Skip to main content
Sign In

Welcome to the Department of Neurology

Neurology Banner Image

Tyler Lab

Research Interests


Research Interests

Our laboratory uses reovirus infection of mice as an experimental model system to understand how viral pathogens interact with the host to produce disease and cellular injury. A major focus of our laboratory has been in the area of virus-induced apoptosis. We have shown that reoviruses can induce apoptosis both in vitro and in vivo, and that reovirus strains can differ in this capacity. Studies currently underway specifically focus on virus induced neuronal cell death and tissue injury in the brain and spinal cord which lead to neurologic disease. In addition to using the reovirus model we will also expand our studies to include additional mouse models of important human neurologic diseases, including West Nile virus (WNV) and herpes simplex virus (HSV) encephalitis. 

  1. Signal transduction in reovirus-induced apoptosis.
    • Reovirus-induced regulation of the transcription factor nuclear factor kappa B (NF-κB) is required for the apoptotic cell death of virus-infected cells and for neurologic disease. Reovirus-induced apoptosis requires both an early phase of activation and a later phase where the activation of NF-κB is blocked. We are currently interested in identifying specific NF-κB dependent genes that contribute to virus-induced neuronal death and tissue injury.
    • Activation of both c-Jun N-terminal kinase (JNK) and that c-Jun transcription factor are also associated with reovirus-induced cell death and neurologic disease. We are currently interested in identifying specific c-Jun dependent genes and JNK-dependent mechanisms that contribute to virus-induced neuronal death and tissue injury.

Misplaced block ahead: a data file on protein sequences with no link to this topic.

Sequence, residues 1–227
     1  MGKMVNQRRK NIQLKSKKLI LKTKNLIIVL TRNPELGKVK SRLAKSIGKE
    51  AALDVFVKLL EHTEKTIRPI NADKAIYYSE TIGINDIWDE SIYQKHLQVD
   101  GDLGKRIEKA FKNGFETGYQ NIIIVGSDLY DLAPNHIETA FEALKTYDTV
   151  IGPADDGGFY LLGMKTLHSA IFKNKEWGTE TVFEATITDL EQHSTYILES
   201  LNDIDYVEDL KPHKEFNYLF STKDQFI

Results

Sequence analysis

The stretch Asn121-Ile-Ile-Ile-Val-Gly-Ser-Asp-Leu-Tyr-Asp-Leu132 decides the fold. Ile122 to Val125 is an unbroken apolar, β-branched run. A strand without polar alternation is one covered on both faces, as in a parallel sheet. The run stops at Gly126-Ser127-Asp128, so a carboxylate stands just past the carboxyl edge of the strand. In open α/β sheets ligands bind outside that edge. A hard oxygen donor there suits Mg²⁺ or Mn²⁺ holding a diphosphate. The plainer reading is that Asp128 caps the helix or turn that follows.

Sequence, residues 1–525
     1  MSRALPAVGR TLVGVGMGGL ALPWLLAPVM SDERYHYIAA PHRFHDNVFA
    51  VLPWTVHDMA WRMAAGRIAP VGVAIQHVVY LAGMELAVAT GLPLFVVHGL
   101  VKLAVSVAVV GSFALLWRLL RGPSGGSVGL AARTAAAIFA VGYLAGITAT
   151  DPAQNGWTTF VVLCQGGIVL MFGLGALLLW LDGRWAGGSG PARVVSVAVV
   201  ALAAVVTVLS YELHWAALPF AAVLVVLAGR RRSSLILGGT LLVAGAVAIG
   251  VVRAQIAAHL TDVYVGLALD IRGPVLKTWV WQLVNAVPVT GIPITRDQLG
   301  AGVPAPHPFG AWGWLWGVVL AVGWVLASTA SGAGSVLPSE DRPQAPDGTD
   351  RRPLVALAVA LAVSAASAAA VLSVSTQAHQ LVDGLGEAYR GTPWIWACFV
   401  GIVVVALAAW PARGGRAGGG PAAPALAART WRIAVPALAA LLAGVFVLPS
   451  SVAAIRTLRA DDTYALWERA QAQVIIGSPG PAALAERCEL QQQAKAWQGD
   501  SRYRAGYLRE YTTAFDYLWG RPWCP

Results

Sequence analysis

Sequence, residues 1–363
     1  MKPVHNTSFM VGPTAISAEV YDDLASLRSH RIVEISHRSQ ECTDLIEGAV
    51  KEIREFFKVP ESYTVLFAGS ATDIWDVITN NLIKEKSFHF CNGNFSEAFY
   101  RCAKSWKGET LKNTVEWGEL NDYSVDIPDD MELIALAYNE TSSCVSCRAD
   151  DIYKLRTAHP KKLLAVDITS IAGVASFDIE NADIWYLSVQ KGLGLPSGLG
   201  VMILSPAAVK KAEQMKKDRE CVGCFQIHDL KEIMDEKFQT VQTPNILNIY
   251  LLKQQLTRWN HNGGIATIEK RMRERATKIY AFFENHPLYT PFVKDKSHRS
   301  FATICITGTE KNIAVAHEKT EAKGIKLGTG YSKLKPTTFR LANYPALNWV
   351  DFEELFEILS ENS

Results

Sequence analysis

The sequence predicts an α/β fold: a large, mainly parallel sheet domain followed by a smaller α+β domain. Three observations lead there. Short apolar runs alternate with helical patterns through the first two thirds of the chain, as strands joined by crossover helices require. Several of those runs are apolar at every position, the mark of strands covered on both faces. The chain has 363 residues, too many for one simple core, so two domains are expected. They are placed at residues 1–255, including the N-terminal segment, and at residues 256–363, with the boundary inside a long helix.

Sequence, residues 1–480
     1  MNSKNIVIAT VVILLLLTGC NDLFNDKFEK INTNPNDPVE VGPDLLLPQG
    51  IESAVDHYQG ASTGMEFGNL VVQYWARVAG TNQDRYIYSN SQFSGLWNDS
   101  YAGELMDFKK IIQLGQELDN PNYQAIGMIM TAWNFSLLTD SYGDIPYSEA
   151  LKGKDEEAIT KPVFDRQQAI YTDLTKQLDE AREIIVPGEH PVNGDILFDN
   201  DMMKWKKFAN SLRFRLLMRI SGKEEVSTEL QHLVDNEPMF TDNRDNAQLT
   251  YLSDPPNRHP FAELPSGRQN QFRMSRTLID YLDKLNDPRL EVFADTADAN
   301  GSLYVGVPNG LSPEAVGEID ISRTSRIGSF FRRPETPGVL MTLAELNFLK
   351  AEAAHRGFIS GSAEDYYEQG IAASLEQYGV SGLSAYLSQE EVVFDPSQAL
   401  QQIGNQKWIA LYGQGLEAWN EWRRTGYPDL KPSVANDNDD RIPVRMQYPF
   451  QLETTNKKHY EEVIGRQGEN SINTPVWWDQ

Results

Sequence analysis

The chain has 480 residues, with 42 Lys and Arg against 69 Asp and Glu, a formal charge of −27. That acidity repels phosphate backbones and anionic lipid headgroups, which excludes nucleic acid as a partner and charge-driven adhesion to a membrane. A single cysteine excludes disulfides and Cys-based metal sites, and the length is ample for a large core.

• Reovirus-induced apoptosis is mediated by death receptors. In neurons soluble Fas inhibits reovirus-induced apoptosis suggesting that the binding of FasL to Fas is an important factor in virus-induced neuronal death. Fas is also up-regulated in the brain following reovirus infection. Reovirus can also sensitize cells, including cell lines derived from a variety of human cancers, to death receptor mediated apoptosis by a mechanism that involves an increase in the activation of caspase 8.
    • Mitochondrial apoptotic signaling is also activated in the brain following reovirus infection resulting in the activation of caspase 9. Mitochondrial apoptotic signaling may be triggered in the brain by the caspase 8-dependent cleavage of the Bcl-2 family protein Bid. We are currently determining the role of other Bcl-2 family proteins, including pro-apoptotic Bax, in reovirus-induced neuronal apoptosis. Additional studies will define the role of other components of mitochondrial apoptotic signaling in virus infected neurons, including the release of pro-apoptotic mitochondrial factors (such as smac/DIABLO) and cellular inhibitor of apoptosis proteins (IAPS).
    • The signaling molecule DAXX may provide a critical link between death receptor and JNK signaling in the brain. We have recently shown that DAXX is up-regulated in the brain following reovirus infection. Studies to determine the role of DAXX in virus-induced neuronal cell death are currently underway.